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ETHIOPIA: U.S. female mutilation case fuels hot debate in Africa

ADDIS ABABA, Ethiopia (Reuters) -- The jailing of an Ethiopian in the United States for circumcising his 2-year-old daughter with scissors has fueled a passionate debate across Africa, with many approving the punishment but some urging understanding.

In what is believed to be the first such case in the United States, Khalid Adem on Wednesday was sentenced to 10 years in prison for removing his 2-year-old daughter's clitoris in 2001.

The practice arouses horror in the West, but is still widespread in many of Africa's traditional societies.

"The punishment is appropriate because what he did is a violation of child rights," Bulti Gueteema, a senior official in Ethiopia's Ministry of Women's Affairs, told Reuters

'You cannot jail an entire community'

Ethiopian mother Elizabeth Gorge said it was "revolting" for a father to circumcise his own daughter by himself.

"Even the uneducated parents in rural areas do not do such practices on their own, they always seek assistance of women who specialize in this," she said in Addis Ababa.

Ethiopian Prime Minister Meles Zenawi said the practice was outlawed but still common in his Horn of Africa nation.

"If a whole community is involved in this practice, you cannot jail an entire community. You have to change the mindset, and that takes time," he said last week.

Girls can bleed to death or die from infection

The practice, also known as female circumcision, usually involves cutting off the clitoris and other genitalia parts.

It is often carried out by an older woman with no medical training, using anything from scissors to pieces of glass under no anesthetics or antiseptic treatment.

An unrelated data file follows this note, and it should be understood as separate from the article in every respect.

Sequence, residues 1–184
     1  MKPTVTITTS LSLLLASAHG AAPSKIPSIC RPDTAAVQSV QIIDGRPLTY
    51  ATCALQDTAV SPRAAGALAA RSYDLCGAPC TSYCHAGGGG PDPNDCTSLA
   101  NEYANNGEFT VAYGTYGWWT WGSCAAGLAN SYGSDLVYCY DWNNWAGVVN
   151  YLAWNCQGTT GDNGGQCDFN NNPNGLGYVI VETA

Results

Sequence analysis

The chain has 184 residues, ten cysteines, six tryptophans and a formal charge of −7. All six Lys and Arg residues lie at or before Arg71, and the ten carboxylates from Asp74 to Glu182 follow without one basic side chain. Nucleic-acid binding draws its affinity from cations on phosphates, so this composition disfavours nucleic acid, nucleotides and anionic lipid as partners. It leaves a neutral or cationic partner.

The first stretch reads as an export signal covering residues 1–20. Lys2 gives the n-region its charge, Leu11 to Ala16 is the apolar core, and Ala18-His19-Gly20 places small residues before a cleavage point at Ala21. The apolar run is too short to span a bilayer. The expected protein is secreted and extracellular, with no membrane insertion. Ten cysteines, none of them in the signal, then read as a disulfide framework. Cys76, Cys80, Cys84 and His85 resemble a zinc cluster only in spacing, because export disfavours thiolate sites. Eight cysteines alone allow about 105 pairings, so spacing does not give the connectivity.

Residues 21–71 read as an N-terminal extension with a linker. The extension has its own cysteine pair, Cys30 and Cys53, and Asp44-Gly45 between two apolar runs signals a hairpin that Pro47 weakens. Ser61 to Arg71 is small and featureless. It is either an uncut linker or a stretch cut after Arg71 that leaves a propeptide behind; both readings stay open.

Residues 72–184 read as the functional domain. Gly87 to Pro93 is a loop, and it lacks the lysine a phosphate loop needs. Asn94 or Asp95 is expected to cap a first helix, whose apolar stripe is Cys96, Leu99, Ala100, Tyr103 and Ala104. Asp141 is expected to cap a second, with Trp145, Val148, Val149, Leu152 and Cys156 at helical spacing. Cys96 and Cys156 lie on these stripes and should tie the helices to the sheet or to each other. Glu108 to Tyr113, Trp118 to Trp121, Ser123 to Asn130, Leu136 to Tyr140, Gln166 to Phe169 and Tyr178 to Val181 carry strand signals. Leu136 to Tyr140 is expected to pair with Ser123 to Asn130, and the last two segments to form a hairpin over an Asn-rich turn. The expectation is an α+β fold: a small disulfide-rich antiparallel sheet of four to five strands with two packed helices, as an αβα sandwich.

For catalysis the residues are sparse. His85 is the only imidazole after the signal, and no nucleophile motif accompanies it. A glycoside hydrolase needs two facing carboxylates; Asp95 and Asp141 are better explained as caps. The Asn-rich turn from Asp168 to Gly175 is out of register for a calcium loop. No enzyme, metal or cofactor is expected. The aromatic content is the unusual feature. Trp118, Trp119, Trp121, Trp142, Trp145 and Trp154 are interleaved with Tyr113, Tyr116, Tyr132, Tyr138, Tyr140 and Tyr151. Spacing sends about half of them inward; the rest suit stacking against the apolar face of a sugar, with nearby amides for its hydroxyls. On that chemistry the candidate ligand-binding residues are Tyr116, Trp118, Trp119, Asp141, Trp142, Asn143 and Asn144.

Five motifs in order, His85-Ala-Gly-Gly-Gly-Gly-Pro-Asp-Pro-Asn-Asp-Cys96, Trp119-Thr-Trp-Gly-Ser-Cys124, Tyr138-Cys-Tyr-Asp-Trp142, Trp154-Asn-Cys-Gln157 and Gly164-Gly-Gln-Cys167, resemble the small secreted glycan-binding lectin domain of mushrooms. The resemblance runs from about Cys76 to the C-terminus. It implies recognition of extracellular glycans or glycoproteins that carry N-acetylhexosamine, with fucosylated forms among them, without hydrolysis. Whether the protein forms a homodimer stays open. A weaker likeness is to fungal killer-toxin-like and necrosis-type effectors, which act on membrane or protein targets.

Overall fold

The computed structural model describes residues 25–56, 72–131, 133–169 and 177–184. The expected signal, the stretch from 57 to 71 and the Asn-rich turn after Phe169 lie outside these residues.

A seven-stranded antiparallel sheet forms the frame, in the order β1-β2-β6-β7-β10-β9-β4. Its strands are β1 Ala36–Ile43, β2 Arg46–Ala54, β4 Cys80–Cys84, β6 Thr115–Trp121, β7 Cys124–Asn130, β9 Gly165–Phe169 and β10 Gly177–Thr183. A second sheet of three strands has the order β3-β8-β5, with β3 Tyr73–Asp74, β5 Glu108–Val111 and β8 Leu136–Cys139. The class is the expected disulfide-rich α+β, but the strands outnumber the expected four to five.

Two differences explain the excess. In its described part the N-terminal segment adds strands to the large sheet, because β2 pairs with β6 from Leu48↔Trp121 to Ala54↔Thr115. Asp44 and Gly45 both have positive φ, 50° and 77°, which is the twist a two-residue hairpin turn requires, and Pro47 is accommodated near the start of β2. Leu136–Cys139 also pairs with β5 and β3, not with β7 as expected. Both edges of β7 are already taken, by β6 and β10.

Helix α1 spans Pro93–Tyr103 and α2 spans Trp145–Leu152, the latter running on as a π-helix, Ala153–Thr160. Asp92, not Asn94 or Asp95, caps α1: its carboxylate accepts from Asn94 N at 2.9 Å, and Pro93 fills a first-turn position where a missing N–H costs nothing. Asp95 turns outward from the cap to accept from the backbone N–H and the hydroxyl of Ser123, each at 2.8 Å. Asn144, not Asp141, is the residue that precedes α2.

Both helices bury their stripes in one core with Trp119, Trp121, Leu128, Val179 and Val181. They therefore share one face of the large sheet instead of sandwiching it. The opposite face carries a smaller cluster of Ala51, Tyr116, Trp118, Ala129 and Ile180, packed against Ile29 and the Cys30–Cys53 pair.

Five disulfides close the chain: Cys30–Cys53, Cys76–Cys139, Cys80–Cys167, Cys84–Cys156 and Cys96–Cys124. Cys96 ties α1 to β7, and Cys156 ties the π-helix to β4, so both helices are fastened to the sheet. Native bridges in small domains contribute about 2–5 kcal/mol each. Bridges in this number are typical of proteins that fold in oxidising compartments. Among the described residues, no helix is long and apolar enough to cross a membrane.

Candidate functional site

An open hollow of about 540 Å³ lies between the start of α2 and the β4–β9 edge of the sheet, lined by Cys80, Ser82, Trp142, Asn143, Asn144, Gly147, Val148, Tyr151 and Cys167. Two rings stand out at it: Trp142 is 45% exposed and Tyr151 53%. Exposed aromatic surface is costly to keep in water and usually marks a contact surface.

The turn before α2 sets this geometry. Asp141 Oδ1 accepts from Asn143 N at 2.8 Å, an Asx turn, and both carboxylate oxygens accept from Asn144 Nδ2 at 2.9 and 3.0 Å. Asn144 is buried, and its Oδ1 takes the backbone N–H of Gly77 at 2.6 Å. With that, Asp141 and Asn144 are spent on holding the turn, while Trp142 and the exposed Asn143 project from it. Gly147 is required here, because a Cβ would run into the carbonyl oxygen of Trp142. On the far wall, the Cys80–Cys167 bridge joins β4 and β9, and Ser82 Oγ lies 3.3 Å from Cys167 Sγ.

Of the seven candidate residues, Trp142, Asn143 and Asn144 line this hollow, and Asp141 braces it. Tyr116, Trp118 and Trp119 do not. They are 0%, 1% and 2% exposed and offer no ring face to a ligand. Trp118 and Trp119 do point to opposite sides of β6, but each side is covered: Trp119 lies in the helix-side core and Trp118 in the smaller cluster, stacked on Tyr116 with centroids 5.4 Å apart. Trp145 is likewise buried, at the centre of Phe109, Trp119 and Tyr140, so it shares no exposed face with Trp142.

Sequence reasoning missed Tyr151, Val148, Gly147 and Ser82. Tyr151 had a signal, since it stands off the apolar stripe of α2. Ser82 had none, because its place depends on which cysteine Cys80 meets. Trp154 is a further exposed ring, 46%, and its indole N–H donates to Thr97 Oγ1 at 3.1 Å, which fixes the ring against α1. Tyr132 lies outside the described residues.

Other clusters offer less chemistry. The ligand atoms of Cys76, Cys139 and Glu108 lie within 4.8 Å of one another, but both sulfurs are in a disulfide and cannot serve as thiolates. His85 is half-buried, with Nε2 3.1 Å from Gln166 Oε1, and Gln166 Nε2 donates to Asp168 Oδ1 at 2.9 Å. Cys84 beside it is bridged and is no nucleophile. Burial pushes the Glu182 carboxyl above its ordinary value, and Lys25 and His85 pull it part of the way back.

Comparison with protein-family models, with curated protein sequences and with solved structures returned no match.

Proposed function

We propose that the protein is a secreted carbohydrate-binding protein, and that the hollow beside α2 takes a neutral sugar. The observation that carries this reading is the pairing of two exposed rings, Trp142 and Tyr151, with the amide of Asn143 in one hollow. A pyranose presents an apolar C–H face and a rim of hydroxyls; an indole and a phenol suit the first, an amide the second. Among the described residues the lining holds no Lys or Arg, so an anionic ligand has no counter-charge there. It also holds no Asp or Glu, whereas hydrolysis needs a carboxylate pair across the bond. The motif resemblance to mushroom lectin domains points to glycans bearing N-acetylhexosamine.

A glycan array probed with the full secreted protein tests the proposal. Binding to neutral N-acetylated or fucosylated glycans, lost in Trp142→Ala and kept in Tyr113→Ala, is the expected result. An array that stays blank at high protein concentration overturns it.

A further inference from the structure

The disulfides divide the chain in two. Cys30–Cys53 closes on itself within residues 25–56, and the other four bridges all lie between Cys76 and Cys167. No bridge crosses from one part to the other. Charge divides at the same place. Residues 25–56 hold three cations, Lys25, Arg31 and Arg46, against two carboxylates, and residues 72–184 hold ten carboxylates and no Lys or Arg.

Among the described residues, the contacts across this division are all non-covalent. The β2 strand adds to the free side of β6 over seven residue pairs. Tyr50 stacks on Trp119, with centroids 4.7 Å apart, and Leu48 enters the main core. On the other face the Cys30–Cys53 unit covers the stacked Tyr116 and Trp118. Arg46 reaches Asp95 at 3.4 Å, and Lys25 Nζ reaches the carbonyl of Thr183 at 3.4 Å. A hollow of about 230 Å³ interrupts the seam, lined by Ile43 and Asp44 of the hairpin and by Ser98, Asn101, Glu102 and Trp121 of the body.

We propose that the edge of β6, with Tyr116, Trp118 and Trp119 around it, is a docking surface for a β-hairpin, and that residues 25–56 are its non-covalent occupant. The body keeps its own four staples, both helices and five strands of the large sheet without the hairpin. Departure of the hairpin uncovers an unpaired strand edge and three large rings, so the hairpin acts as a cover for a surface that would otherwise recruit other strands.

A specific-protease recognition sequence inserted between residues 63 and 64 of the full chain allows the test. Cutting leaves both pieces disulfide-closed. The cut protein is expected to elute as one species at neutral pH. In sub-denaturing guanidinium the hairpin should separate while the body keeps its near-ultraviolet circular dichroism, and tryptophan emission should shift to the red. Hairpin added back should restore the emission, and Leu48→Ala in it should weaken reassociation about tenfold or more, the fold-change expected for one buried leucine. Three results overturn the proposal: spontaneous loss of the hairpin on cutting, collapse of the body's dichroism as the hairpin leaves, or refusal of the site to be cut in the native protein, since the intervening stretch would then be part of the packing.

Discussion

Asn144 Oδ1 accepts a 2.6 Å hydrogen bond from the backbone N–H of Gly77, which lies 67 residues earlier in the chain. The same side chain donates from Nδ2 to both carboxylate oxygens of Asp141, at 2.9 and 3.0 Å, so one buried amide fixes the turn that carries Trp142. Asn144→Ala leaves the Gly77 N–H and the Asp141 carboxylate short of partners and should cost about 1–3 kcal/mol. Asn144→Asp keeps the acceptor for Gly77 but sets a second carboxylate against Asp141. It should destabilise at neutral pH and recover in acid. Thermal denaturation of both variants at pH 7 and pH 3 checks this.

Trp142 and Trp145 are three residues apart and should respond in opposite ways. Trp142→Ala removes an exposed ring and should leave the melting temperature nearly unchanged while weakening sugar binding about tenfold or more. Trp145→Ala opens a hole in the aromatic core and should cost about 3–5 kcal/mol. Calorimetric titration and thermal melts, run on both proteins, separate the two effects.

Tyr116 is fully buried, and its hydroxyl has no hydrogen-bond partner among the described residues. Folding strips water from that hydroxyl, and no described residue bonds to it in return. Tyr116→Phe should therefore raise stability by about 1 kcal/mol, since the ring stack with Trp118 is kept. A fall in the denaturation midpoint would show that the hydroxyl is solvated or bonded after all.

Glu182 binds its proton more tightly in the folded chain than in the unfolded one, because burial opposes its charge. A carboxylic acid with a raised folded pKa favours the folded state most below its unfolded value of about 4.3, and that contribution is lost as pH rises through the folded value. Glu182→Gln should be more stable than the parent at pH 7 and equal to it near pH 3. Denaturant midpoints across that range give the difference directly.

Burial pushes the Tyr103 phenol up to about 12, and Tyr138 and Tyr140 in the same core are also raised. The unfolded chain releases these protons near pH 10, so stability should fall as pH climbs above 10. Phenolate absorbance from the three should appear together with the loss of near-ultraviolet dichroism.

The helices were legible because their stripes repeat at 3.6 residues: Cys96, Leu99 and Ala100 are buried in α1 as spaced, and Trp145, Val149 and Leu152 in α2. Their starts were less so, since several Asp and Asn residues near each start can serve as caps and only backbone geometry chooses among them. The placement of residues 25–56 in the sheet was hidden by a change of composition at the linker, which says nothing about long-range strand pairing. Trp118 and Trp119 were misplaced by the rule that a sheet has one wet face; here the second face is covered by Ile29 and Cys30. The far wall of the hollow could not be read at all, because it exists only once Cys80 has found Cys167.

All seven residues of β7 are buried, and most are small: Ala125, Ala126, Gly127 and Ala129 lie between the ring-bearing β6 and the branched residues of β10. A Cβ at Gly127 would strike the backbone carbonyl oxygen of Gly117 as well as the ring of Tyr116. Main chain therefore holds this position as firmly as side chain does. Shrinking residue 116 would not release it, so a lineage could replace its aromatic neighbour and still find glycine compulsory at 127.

An estimated 3 million girls and women are mutilated or cut each year on the African continent, the United Nations' children's agency UNICEF says, in a custom viewed in many traditional cultures as a necessary rite of passage.

Circumcision is also used to control or reduce women's sexual desire to lessen the chance of promiscuity in marriage.

The practice disfigures and sometimes kills girls from intense infection, causes extreme pain, psychological harm, problems with urination, complicates childbirth later in life, and reduces sexual pleasure for women, opponents say.

Considered necessary in traditional cultures

As populations move West, the custom has followed in immigrant communities.

"As long as this happens in a civilized society in the United States, it means our effort to eradicate this practice has failed," said Bjorn Ljungqvist, of UNICEF in Ethiopia.

In Kenya, it is known to be still common among traditional communities like the Masai.

"If a woman is not cut, she remains a baby forever and cannot perform social rites with other women," Ben Koissaba, a Masai elder in Kenya, told Reuters by telephone from the town of Narok in Kenya's Rift Valley.

"This (Ethiopian) man was doing it because he thought it would be a bad omen on his child if he did not. Maybe he should have been reprimanded not jailed, but we should try to understand his culture."

In some Muslim countries of west Africa, considered among the continent's most conservative cultures, mutilation is common. Nine of 10 Malian women have undergone mutilation, for example, a European parliamentarian said this year.

"Circumcision is an affront to the physical and moral integrity of a woman and that is why I will always be against the practice," said Hadiza Moussa, a female teacher in Niamey, capital of Niger.

"Just like a man, a woman has her natural desires, notably to draw pleasure from sexual relations. No, we must outlaw this practice everywhere, especially because it can result in sterility."

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